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RE: NGC 922
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Hubble Sees a Galaxy Hit a Bull's-Eye

Bright pink nebulae almost completely encircle a spiral galaxy in this NASA/ESA Hubble Space Telescope image of NGC 922. The ring structure and the galaxy's distorted spiral shape result from a smaller galaxy scoring a cosmic bull's-eye, hitting the center of NGC 922 some 330 million years ago. Hubble's image of NGC 922 consists of a series of exposures taken in visible light with the Wide Field Camera 3, and in visible and near-infrared light with the Wide Field and Planetary Camera 2.
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Title: Chandra Observations of the Collisional Ring Galaxy NGC 922
Authors: A. H. Prestwich, J. L. Galache. T. Linden, V. Kalogara, A. Zezas, T. P. Roberts, R. Kilgard, A. Wolter, G. Trinchieri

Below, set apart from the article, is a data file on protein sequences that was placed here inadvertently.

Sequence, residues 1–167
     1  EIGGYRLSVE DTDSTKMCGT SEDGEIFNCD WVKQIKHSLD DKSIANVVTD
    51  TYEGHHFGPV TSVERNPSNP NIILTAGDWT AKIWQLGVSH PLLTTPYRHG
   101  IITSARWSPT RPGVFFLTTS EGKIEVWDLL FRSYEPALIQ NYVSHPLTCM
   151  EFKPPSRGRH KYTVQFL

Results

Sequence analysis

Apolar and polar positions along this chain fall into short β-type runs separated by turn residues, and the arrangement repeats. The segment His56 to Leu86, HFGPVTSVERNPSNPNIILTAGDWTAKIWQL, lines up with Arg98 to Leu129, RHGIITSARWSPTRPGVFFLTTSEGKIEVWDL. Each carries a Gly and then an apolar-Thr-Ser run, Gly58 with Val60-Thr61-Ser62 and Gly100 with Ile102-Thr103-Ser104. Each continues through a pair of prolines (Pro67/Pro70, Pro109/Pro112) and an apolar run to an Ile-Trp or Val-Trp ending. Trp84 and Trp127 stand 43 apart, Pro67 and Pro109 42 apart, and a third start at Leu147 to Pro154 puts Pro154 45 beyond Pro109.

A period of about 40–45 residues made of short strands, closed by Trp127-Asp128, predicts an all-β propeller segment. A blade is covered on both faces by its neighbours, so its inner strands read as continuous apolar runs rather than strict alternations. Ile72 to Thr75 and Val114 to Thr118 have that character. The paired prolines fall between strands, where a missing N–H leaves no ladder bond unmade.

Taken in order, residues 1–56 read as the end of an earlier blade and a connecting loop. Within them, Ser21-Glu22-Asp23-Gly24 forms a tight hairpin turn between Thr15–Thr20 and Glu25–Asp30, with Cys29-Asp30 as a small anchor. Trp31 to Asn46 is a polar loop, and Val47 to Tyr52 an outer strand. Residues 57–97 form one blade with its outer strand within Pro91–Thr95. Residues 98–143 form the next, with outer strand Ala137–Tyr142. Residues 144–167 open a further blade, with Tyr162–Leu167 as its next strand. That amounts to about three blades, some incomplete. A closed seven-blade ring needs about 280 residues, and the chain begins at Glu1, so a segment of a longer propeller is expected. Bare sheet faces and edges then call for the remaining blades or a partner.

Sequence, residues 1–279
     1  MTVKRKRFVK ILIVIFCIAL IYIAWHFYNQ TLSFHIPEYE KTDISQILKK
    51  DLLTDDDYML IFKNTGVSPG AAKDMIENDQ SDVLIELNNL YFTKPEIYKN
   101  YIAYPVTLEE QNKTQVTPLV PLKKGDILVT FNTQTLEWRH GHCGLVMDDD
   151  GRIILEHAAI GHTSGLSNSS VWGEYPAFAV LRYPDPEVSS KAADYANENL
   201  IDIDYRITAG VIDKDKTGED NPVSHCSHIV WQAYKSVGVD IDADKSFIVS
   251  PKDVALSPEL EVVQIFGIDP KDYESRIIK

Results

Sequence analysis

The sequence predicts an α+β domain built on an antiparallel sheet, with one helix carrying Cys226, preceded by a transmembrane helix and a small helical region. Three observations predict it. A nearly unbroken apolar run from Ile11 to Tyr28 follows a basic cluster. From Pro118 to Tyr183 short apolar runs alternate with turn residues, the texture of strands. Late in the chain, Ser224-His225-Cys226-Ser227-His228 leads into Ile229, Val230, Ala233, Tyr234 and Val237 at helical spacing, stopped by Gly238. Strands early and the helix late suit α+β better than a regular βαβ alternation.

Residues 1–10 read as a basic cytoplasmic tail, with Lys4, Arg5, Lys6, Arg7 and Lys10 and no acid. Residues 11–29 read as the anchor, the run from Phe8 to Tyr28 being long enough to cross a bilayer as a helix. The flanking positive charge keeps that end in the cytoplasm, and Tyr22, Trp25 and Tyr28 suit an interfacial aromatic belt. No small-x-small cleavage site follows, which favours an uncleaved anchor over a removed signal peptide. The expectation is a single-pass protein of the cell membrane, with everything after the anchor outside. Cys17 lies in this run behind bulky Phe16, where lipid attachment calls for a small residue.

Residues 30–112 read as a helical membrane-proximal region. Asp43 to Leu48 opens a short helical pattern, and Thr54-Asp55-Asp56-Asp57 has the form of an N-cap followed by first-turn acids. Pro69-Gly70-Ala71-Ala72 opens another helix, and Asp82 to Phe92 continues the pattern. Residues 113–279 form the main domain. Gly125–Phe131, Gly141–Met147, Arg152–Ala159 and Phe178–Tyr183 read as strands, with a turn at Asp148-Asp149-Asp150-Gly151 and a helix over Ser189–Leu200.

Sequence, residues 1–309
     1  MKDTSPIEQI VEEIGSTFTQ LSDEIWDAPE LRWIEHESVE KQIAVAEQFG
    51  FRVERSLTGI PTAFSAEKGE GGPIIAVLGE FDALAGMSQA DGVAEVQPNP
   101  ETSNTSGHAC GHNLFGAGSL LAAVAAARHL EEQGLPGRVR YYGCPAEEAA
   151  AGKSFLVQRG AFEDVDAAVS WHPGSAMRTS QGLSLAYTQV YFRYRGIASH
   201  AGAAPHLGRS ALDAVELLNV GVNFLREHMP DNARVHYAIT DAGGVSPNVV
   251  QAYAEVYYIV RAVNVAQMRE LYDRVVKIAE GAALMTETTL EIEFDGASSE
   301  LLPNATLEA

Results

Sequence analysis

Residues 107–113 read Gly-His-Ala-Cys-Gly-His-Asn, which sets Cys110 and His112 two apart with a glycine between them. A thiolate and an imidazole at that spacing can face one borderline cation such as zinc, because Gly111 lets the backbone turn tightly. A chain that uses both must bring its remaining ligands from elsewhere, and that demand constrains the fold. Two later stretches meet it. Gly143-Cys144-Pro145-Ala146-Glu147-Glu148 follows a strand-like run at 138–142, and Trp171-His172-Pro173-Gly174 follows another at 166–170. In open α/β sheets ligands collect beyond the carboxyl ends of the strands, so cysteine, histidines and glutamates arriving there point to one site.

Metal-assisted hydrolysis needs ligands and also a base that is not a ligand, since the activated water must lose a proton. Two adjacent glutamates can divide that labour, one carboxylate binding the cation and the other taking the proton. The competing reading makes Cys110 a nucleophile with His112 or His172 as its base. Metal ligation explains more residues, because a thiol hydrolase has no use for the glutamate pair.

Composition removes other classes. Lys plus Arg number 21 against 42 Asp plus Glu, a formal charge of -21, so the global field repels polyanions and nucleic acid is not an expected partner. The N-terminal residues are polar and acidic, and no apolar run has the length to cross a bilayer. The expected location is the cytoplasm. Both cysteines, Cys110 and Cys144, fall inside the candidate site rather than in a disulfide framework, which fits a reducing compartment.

In this paper we report on Chandra observations of the starburst galaxy NGC 922. NGC 922 is a drop-through ring galaxy with an expanding ring of star formation, similar in many respects to the Cartwheel galaxy. The Cartwheel galaxy is famous for hosting 12 ULX, most of which are in the star forming ring. This is the largest number of ULX seen in a single system, and has led to speculation that the low metallicity of the Cartwheel (0.3 solar) may optimise the conditions for ULX formation. In contrast, NGC 922 has metallicity near solar. The Chandra observations reveal a population of bright X-ray sources, including 7 ULX. The number of ULX in NGC 922 and the Cartwheel scales with the star formation rate: we do not find any evidence for an excess of sources in the Cartwheel. Simulations of the binary population in these galaxies suggest that the ULX population in both systems is dominated by systems with strong wind accretion from supergiant donors onto direct-collapse BHs. The simulations correctly predict the ratio of the number of sources in NGC 922 and the Cartwheel. Thus it would appear that the the metallicity of the Cartwheel is not low enough to see a difference in the ULX population compared to NGC 922.

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